January 28, 2023

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The French cattle are back (to be put out) after nearly three weeks floating off the Algerian coast

The French cattle are back (to be put out) after nearly three weeks floating off the Algerian coast

French beef cattle. French bulls shipped to Algeria for halal slaughter were not allowed to land there.Photo ANP / AFP

This happened when the animals arrived at the port of Algiers two days later, French daily newspapers reported Release And the Le Monde. The export certificates of three cattle indicated that they were carriers of bovine influenza, a contagious respiratory disease. According to the French authorities, this is a mistake. All calves are vaccinated and in good health, according to the French Ministry of Agriculture. But the French were not able to convince their Algerian colleagues to do so. They prevented the bulls from reaching the Algerian mainland.

The fear of the spread of animal diseases often leads to a true saga of live cattle. Last year, two Spanish ships carrying a total of more than 2,600 head of cattle roamed the sea for three months after both Turkey and Libya refused to accept them.

If it were up to the European Parliament, the weeks of roaming would soon be over. At the beginning of this year, MEPs called on the European Commission to draw up an action plan by 2023 at the latest to avoid moving live animals as much as possible. Parliament also wants the commission to appoint an EU commissioner for animal welfare.

high temperatures

Parliament issued that call after an 18-month investigation by a commission. This showed that EU rules for transporting animals within the EU are by no means always adhered to. For example, transportation is sometimes carried out at very high temperatures and animals make long journeys.

The European Union does not have a control system for the transport of live animals to countries outside the European Union. In the EU, the Netherlands is calling for an EU-wide ban on long-distance transport of livestock, by land or sea, to third countries. Previously, the Netherlands temporarily suspended road transport in 2020, because the remaining areas in non-EU countries often turned out to be unhealthy. Transportation by sea and plane was still going on at that time; The reason was that there were no places to rest in the sea or in the air at all. All livestock transfers outside the European Union have now been resumed.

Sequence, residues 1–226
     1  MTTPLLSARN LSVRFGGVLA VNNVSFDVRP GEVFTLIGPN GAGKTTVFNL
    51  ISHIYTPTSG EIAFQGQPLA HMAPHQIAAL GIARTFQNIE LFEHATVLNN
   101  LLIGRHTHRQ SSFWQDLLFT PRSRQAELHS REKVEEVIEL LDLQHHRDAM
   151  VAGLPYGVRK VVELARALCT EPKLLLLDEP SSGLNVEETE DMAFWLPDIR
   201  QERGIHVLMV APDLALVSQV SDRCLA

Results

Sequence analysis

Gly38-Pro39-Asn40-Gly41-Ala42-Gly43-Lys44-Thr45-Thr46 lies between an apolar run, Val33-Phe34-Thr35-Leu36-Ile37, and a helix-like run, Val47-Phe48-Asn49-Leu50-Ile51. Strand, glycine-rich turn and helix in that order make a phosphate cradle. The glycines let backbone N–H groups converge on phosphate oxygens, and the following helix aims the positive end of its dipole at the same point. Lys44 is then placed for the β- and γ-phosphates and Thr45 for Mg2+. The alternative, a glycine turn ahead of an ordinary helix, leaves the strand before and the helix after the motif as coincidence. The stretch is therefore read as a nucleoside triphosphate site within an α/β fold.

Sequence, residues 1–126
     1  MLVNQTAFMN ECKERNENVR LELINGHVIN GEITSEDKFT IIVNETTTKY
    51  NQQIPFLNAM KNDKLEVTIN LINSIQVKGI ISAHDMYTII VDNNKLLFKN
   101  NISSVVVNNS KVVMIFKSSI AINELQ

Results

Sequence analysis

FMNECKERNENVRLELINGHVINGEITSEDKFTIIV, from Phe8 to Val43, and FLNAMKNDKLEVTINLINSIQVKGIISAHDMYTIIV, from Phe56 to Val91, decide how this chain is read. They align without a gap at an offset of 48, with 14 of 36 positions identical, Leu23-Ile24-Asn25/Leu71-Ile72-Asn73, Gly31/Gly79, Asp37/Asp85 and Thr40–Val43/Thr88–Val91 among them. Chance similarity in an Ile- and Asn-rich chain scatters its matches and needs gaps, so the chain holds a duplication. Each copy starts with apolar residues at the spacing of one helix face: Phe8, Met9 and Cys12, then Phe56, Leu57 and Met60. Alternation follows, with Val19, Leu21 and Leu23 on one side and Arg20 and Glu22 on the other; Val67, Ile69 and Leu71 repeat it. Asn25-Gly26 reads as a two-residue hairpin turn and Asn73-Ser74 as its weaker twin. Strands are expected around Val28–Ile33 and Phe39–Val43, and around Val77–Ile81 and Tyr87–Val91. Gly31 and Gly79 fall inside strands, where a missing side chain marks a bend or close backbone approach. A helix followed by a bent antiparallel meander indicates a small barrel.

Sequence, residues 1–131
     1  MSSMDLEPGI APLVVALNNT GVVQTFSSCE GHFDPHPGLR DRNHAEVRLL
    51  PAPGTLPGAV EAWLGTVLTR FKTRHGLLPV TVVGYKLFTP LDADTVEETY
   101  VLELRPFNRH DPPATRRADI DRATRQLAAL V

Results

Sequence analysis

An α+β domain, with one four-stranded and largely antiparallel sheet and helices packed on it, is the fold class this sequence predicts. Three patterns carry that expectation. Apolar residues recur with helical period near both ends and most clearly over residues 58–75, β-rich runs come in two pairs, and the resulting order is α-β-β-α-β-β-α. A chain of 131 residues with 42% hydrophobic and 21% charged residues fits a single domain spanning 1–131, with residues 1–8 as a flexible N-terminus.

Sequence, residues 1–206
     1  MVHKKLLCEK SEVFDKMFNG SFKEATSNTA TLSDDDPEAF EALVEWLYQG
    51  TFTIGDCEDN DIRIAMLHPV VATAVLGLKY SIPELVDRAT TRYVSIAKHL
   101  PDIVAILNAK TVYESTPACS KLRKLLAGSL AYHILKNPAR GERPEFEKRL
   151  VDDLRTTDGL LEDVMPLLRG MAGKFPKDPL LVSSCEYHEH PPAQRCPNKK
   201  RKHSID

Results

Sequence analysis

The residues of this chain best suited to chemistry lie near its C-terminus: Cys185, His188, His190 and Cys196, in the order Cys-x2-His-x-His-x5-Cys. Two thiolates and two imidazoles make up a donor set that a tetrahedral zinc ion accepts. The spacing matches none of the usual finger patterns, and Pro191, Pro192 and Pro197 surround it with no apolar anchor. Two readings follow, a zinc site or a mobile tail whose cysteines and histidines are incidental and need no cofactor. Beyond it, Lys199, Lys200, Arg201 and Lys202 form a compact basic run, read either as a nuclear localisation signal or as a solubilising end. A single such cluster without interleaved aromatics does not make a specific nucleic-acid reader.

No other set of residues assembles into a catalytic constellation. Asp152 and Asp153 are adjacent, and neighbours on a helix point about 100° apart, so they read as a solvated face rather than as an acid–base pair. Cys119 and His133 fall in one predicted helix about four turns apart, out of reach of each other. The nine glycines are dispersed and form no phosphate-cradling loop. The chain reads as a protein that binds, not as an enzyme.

But exact figures for the current export of live Dutch cattle by sea are lacking. “It’s hard to get an insight into this phenomenon,” says Ann Hillhurst, director of animal rights organization Wakker Dier. “These means of shipping to countries outside the European Union are a drain on livestock exports.”

of the characters that RTL News An investigation last year from the Dutch Food and Consumer Product Safety Authority (NVWA) showed that in less than a year about 2,750 Dutch livestock were transported by ship to countries outside the European Union. Eyes On Animals previously concluded on the basis of ear tags on video images that Dutch cattle end up in slaughterhouses in Libya and Lebanon.

The French bulls are now back in France, but they won’t end up on the consumer plate. After weeks of floating, destruction awaits them. In the Algerian port, cattle are fed with Algerian hay. Danger According to the French authorities: the highly contagious foot-and-mouth virus is spreading in Algeria.

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